Meningitis refers to an infection that causes swelling of the membranes (meninges), that protect your brain, spinal cord and brain. This infection can cause severe, long-lasting health problems such as hearing loss and nerve damage.
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There are many types of meningitis. The most common type of meningitis is viral and it often resolves itself. Bacterial meningitis, the most serious, is the most common. This requires immediate hospitalization, followed by a course IV antibiotics for several weeks.
To reduce your risk of severe health consequences, such as sepsis and death, it is important that you seek immediate treatment if you suspect meningitis.
They are not needed by anyone.
Injectable antibiotics are required for anyone suffering from bacterial meningitis. There are many types of bacterial infections that antibiotics can treat. These drugs kill bacteria or prevent them from growing in your system.
According to the CDC key signs of bacterial meningitis for adults are:
- Stiff neck
- nausea and vomiting
- Sensitivity to light
- Confusion and disorientation mental state
Other symptoms may also be present in infants and young babies:
- Not eating enough
- A bulging fontanel (or “soft spot”) on a baby’s head
- Slow or irregular reflexes
While you wait for confirmation of the type and severity of your infection, your doctor may recommend preemptive antibiotic therapy. There are many tests that can be used in diagnosing bacterial meningitis.
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- Spinal tap (lumbar puncture)
- CT scan
- Blood and urine tests
- Take a swab of the nose and throat.
A lumbar puncture can be one of the most effective ways to identify the type of bacteria that is causing your meningitis infection. This test requires a sample from your cerebrospinal fluid, or CSF.
Meningitis can be caused by many bacteria types. Your specific disease, age, and any other health factors will all play a role in the treatment.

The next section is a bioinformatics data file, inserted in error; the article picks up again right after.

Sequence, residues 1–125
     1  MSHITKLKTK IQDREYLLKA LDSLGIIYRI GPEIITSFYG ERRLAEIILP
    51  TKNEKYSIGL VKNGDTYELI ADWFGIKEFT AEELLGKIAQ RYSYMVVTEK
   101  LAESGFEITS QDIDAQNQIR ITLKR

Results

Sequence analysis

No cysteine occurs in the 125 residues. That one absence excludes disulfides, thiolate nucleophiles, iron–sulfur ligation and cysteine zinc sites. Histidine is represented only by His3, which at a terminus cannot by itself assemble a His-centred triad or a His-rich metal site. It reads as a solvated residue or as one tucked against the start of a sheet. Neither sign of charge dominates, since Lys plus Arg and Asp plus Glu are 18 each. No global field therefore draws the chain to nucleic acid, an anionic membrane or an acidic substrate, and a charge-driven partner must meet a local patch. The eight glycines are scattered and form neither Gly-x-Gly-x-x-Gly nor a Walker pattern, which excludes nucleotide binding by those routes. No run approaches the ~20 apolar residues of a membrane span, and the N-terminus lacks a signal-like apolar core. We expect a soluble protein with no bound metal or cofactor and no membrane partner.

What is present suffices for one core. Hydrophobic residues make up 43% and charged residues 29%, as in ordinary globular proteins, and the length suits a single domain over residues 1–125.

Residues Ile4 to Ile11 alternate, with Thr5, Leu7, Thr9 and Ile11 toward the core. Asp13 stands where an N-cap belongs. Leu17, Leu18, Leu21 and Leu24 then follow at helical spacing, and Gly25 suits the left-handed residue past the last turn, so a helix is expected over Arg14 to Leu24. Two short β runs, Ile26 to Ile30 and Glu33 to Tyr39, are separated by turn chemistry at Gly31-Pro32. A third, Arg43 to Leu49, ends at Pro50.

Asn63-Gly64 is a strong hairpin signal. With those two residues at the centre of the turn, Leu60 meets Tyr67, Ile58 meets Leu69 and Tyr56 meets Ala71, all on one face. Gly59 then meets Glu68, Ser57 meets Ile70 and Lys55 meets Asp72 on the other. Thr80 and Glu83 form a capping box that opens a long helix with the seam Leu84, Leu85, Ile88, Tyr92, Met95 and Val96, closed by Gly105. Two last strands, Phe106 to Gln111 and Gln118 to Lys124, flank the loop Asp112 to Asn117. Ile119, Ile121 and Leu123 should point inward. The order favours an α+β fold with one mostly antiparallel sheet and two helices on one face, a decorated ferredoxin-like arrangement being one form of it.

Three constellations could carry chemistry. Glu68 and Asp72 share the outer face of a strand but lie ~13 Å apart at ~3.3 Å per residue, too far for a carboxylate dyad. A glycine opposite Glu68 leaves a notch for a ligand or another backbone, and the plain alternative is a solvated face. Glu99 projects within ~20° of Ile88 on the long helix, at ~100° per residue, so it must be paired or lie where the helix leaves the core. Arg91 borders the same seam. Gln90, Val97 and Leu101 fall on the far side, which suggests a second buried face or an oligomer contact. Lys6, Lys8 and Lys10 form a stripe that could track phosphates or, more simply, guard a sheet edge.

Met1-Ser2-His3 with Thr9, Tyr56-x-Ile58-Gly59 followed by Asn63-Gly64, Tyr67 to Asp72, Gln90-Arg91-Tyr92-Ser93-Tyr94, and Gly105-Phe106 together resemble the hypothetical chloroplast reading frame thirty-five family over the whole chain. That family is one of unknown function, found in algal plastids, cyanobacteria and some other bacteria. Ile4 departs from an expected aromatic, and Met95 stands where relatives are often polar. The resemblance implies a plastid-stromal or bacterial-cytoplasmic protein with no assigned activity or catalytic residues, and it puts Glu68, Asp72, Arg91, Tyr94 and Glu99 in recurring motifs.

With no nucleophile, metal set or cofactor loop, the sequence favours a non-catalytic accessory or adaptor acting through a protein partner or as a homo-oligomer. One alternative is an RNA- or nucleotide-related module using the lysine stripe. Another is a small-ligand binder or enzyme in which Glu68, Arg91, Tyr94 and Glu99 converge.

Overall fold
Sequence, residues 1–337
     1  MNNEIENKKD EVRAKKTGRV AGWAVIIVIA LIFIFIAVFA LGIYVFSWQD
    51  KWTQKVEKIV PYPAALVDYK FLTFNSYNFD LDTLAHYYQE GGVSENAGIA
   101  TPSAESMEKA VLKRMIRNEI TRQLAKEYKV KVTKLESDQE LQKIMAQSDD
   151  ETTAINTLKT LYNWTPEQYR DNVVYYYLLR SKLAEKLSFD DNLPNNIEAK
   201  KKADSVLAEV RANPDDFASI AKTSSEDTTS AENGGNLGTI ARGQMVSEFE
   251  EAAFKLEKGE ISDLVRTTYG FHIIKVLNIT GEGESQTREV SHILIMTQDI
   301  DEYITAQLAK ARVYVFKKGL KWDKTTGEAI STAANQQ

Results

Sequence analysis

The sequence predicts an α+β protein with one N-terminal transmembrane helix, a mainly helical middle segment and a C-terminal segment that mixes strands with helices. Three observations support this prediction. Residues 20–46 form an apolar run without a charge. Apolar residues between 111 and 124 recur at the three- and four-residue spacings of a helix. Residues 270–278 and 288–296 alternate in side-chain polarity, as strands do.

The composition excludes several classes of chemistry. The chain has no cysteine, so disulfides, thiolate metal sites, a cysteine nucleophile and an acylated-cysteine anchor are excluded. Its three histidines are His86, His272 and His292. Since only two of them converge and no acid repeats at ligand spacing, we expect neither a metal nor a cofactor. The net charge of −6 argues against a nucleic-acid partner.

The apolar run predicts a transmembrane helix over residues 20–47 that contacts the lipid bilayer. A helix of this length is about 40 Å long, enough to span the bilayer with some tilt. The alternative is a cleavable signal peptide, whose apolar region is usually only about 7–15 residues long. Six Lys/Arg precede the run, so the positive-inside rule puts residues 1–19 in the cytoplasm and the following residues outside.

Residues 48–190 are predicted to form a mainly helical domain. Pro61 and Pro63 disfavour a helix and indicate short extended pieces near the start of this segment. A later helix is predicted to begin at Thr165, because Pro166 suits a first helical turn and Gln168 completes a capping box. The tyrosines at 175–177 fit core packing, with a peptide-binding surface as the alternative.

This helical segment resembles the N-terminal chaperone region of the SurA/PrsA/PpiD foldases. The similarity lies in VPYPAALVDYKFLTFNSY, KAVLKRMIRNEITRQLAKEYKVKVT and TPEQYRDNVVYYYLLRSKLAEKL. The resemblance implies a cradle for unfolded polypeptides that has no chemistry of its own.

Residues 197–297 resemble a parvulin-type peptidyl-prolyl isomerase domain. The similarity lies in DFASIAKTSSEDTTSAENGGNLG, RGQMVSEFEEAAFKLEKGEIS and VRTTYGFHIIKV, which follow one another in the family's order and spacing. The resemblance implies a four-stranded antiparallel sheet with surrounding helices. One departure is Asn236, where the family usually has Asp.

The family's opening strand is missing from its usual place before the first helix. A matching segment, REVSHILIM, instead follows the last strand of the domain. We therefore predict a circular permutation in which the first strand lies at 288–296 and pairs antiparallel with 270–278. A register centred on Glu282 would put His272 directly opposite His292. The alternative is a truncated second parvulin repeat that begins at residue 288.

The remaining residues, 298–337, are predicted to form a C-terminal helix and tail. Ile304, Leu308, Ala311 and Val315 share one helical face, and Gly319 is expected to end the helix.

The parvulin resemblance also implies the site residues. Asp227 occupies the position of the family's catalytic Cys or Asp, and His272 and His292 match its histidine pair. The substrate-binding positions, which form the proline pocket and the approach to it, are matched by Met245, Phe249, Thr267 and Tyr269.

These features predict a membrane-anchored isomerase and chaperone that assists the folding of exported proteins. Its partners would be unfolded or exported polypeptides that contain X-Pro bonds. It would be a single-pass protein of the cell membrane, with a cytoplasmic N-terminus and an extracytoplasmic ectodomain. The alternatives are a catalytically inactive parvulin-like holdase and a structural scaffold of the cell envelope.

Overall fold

Different types of antibiotics
Even a delay of just a few hours in the treatment of bacterial meningitis can increase the risk of death.
Both children and adults can get bacterial meningitis treated with antibiotics. To prevent the spread of the disease, those who have been exposed to bacterial meningitis can also be prescribed antibiotics.
Based on the new information about your infection, doctors may change your treatment plan.
Antibiotics for adults
Although there is overlap in the use of antibiotics for adults and children, some are meant only to be used for adults. This is because antibiotics can cause serious infections and be very hard on the body.
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Ceftriaxone and cefotaxime are the first lines of treatment for bacterial Meningitis if you’re over 18 years old.
The following antibiotics are also used in the second stage:
- penicillin G
If you are not satisfied with the dosage of antibiotics, your doctor might adjust it.
- Are you pregnant?
- A weak immune system
- Pre-existing conditions
- Are you allergic to certain medications?
- Other medications may be taken
A course of antibiotic treatment to treat bacterial meningitis can last anywhere from a few days up to several years, depending on what type of bacteria is causing the infection.
Children and infants are particularly at risk of bacterial meningitis. They are more susceptible to infection because their immune systems are less developed. Their age will determine the type of treatment they receive. Usually, it lasts from 1 to 3 weeks.
Newborns under 2 months may receive:
For children over 2 years old, you may be eligible for:
- Understanding Hib
Invasive Hib disease, which was the most common cause of bacterial meningitis among children, was prevalent before the introduction of a vaccine in the 1980s. The infection rate has fallen by more than 99 per cent since the introduction of the vaccine.
The bacteria Haemophilus Influenzae can cause Hib, as well as blood infections and ear infections.
There are many brands that offer Hib vaccine. It is usually given to newborns in multiple doses and a booster starting at 2 months.